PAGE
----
In his most recent piece for The Atlantic, Hugo Schwyzer makes a case for using the word “creepy” to describe the unwanted advances of a guy. There’d been some backlash against the word, as slighted men argued that “creepy” is too subjective, and what makes someone’s advances either romantic or off-putting often depends entirely on factors that have nothing to do with creepiness: whether the man is attractive, whether the woman is already interested, etc.
But Schwyzer argues that it’s not only a woman’s right to be sexual, to choose what she finds attractive and what she doesn’t, but also to feel safe while doing so. “Creepy” doesn’t go on your permanent record, and it won’t affect your future employment, but if a woman doesn’t like how you’re coming onto her, it’s a label she should feel free to use.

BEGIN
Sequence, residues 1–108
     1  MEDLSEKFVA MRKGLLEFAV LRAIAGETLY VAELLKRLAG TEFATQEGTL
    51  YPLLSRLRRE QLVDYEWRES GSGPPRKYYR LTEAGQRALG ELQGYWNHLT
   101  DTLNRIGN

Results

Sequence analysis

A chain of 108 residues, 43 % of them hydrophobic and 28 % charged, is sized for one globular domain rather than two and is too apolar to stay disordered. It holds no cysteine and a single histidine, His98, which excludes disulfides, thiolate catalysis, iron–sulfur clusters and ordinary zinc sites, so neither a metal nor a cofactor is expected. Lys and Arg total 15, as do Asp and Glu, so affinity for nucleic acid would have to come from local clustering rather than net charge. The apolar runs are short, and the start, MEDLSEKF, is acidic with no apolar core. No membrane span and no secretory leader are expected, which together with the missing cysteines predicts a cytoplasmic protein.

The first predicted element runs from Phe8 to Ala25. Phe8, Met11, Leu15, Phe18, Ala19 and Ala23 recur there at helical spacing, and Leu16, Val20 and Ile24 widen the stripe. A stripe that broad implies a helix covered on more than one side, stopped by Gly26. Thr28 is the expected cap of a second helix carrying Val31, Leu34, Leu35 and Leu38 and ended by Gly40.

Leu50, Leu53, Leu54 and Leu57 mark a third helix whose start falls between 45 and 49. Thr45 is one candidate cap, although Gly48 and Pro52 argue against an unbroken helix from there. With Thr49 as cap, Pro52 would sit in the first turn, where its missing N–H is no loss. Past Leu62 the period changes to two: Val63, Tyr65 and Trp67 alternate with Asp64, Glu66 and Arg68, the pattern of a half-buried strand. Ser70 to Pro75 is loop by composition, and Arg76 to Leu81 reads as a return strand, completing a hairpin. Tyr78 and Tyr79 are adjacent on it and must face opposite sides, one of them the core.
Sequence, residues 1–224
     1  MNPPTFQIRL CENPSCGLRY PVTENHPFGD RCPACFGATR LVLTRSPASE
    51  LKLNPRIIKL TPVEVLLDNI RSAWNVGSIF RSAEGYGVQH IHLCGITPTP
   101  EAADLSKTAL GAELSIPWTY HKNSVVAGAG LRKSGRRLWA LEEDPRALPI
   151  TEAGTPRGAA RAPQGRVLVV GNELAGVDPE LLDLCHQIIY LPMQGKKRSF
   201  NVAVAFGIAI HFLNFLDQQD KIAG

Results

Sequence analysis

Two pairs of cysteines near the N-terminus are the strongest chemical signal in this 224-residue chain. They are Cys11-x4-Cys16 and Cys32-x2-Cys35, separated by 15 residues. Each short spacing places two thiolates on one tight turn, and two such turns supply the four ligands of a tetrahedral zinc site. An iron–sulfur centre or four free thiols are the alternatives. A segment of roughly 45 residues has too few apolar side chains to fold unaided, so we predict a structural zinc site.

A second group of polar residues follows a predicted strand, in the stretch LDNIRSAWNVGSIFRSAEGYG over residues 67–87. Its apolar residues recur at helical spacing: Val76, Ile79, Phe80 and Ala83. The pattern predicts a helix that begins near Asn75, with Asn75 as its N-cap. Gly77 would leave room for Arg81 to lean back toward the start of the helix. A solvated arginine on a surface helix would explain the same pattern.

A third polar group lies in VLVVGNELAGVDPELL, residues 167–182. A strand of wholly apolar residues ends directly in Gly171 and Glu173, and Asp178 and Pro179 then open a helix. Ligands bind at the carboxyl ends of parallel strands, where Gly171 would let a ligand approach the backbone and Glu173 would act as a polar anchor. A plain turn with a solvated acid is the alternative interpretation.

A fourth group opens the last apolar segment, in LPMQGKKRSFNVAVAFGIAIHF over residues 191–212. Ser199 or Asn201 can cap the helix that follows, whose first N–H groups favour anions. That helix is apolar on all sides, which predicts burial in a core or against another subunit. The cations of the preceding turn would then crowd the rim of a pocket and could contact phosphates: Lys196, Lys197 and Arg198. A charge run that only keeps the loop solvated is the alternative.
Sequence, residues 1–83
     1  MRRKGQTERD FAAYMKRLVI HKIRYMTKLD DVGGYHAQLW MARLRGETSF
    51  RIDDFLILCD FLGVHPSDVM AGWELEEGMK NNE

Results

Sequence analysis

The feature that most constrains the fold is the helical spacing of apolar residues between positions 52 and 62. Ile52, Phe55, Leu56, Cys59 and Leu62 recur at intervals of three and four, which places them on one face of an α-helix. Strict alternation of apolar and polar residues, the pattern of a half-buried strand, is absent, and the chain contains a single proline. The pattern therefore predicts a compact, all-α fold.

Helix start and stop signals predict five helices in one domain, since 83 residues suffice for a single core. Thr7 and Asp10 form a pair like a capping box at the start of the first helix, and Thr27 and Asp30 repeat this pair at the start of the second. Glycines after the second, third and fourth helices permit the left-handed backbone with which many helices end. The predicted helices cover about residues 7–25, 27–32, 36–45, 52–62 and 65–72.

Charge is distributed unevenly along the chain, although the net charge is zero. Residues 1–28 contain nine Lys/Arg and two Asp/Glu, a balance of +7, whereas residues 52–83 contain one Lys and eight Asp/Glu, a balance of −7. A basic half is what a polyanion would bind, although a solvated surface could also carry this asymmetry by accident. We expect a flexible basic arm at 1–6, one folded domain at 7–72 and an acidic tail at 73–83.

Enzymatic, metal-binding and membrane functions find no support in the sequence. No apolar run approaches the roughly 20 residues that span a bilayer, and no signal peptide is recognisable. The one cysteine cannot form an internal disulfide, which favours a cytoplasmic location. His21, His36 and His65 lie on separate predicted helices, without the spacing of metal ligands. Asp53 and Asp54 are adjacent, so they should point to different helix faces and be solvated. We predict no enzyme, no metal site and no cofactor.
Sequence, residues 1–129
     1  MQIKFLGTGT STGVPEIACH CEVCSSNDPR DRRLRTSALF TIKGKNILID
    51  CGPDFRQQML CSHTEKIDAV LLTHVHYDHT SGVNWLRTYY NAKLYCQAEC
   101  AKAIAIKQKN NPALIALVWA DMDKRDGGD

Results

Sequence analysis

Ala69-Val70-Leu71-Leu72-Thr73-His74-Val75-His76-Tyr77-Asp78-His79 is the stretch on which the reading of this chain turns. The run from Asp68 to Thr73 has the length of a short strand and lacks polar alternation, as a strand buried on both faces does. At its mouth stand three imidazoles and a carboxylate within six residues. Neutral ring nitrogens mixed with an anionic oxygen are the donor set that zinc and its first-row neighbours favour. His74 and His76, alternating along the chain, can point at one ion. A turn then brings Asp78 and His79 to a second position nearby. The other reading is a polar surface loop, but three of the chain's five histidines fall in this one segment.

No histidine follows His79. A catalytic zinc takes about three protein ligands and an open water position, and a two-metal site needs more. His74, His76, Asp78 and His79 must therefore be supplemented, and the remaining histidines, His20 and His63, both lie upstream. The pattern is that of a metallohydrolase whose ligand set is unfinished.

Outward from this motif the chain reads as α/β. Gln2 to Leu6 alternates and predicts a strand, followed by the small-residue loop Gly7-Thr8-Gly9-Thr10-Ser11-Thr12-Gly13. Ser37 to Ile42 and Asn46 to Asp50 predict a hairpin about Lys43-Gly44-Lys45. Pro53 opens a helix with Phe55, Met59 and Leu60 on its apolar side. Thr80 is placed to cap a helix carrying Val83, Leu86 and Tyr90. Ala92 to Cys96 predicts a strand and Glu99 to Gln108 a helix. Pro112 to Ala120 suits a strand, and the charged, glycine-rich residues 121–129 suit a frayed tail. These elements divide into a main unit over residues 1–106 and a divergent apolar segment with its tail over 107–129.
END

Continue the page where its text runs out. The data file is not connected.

“Enjoyment can’t be coerced. Congress can’t pass a law requiring people to be delighted by the advances of others they find unattractive. I can get my children to eat broccoli by alternating promises of rewards and punishments, but I cannot do anything to make my daughter love vegetables as much as she loves ice cream. Similarly, no law can compel “Ashley,” a barista at the local coffee shop, to feel the same way about the advances of an older co-worker whom she finds repellant as she does about those of the young hottie who joins her on the opening shift.”